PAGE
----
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The Champagne d'Argent is rather new to our barn, we've had them about a year.  These little fatties are very cute and hearty, and we love watching them fade to that pretty silvery color.  These are primarily for show and backyard breeding stock.

 

 

The Commercial New Zealand's (non-pedigreed) are here for several reasons... when the demand for rabbit meat is at it's height (usually spring/summer) these guys can work to produce very well; we test our Chin bucks for the 'c' gene with the NZ does, and understand that not every backyard rabbit raiser is interested in a pedigreed show bunny to produce meat for their own table.  For this reason we offer breeding stock from our healthy herd at a slightly lower cost than our fully pedigreed show buns.  (no photos available right now)

 

So, you can see that we have our proverbial fingers in a lot of pies.  I try really hard to (run that wench ragged ) keep my caretakers busy, as retired folks get lazy if you let them.  It's a tough job, but good thing I'm a hard working goat who is up to the challenge.  

Upcoming events include..... the ARBA convention in Indianapolis in two weeks.  For the first time, wench has no rabbits for sale or pre sold at this event, and is only bringing enough carriers to bring home our contestants - Avillions Casse Noir (broken black senior french angora buck), Clems Marciano (his identical son, jr. buck); Clems Prasanna (satin angora sr. doe, even though she's only a junior, she's competing as a senior);  Clems Piano Man (6/8 American Chin buck) and Clems Windsor and Annisette (Champagne d'argents - intermediate buck and sr. doe).  We are hoping to not get the first off the table award.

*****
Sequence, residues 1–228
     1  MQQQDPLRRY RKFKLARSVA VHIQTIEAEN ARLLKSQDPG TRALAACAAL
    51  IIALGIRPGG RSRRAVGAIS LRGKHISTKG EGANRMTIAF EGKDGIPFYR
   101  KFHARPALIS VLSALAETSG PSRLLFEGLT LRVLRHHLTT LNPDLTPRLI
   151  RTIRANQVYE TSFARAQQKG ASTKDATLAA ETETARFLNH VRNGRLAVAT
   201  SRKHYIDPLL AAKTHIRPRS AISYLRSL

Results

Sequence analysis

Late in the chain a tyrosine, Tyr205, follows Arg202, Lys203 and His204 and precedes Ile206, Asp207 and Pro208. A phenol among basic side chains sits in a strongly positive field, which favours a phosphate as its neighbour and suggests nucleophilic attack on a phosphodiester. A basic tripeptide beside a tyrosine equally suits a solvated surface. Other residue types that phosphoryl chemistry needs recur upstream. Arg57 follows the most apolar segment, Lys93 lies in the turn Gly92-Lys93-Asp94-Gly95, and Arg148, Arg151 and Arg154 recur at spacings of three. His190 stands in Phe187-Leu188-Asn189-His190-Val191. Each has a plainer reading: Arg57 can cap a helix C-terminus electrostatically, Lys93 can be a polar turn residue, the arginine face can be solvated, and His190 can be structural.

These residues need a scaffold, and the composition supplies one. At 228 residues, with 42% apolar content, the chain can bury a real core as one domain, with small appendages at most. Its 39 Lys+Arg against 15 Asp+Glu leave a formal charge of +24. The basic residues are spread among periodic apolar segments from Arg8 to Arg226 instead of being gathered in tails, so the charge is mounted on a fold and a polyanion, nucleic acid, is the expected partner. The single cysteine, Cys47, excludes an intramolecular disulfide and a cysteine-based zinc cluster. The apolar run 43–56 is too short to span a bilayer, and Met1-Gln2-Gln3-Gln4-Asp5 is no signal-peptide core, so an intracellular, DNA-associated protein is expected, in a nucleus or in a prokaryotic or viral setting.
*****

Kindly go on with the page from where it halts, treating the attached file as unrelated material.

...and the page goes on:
SAFF.  We are providing the Angora rabbit demos with Aunt June (my favorite) of Abbott's Rabbitts and will be offering about ten angora rabbits for sale there - yarn seeds as mentioned before in french and satin, and a couple of proven does who are ready to help other herds.  We will have our english doe Willa on display, and be taking names of those interested in a future litter.  She's not quite old enough to breed, but perhaps in the later fall or winter she'll be ready.   All of our yarns and other products will be available over in Barn F at the Blue Ridge Fiber Works booth.

In between convention and SAFF I'm sending wench to a couple of local rabbit shows and generally cracking the whip to get her ready for the spring fiber shows - Carolina Fiber Fest - Powhatan - Toano 

So that's what's been going on around here.  We are happy to say we have three new (out of season) baby goats here - one bottle baby because Hera was pretty surprised when pistol pete dropped out of her butt, and she didn't know what to do.  So now wench gets to feed a new baby.  Good for her, keeps her busy, and she likes being a goat momma.  hahahah  Thanks, as always, for reading Frankly Speaking! 

Here's my parting shot - if you notice, this post has a lot of photos but none of me? !! WTF?!?!?!?

 kiss kiss!

kiss kiss!